TV break.  Huell Howser hosts a program on PBS called “California’s Gold,” in which he visits pretty much nothing but state parks.  Some are historic, some are natural, and there are 278 of them.  They are all staffed by park rangers who tell Huell Howser all about the historic or biological significance of their parks.  Pretty amazing.

Proposition 21 was to add an $18 surcharge to everybody’s car registration fees to fund state parks.  58% No, 42% Yes.  Looks like California’s Gold will have to get by on what they already are getting. 

You have to be part bureaucrat to appreciate Proposition 22.  I don’t even know if I can break it down.  The state has access to a lot of different pockets where money is kept.  If revenues are down, which you know they are, the state has had the authority to redirect and borrow money from different pockets to keep other pockets viable.  There is a history of propositions to limit this flexibility.  This proposition favors local governments… try to keep that in mind. 

Fuel tax revenues are collected at the gas pumps.  They use the money to build highways, fund public transportation, and pay debts on transportation bonds that the voters approved.  The proposition requires the bond debt money to come from the General Fund instead of from fuel tax revenues.  Furthermore, the state has borrowed fuel tax money to beef up the General Fund when it runs low, and that is also forbidden in this proposition.  The amount of fuel tax money that goes to local governments is to go up from 1/3 to 1/2.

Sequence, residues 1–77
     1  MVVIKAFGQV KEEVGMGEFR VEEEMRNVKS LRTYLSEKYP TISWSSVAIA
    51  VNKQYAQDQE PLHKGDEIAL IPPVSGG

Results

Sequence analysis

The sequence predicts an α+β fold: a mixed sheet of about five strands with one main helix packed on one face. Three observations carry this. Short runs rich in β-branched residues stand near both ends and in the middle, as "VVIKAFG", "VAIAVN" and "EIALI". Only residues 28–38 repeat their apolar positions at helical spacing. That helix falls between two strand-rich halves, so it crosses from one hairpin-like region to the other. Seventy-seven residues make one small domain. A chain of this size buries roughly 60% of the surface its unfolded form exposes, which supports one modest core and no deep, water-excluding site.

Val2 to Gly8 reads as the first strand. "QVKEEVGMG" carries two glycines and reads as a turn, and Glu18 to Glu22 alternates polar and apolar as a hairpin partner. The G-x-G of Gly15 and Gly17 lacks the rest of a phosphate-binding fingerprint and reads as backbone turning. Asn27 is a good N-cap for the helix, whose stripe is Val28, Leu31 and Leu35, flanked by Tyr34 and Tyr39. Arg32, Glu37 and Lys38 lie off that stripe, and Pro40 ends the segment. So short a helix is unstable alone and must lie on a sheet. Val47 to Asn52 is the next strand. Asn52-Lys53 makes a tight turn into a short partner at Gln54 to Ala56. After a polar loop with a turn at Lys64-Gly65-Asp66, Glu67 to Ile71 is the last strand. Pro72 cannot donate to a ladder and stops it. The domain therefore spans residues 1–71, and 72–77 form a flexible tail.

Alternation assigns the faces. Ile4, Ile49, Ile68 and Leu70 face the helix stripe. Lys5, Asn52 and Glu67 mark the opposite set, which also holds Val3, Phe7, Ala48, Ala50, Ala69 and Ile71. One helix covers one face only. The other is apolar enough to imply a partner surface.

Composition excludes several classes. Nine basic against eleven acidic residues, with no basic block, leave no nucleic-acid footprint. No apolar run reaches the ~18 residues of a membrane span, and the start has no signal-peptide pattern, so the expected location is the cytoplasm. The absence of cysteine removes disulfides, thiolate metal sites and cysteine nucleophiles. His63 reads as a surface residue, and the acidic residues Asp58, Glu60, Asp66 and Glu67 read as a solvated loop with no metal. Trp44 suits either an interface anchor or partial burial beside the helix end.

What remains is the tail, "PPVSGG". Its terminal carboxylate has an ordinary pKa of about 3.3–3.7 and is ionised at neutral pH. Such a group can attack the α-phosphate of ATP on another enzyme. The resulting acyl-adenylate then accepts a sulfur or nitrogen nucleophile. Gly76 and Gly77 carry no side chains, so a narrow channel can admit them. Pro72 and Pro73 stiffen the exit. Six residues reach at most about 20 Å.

Property tax is collected by individual counties and distributed variously.  The state in the past has shifted more of that money toward schools, when it would have come from the General Fund.  This proposition forbids that, too.

Vehicle License Fee, collected by the Department of Motor Vehicles, is mostly distributed to local governments.  When the state mandates a local government to provide something, the state has to reimburse the local government.  The proposition forbids the use of Vehicle License Fees for that reimbursement.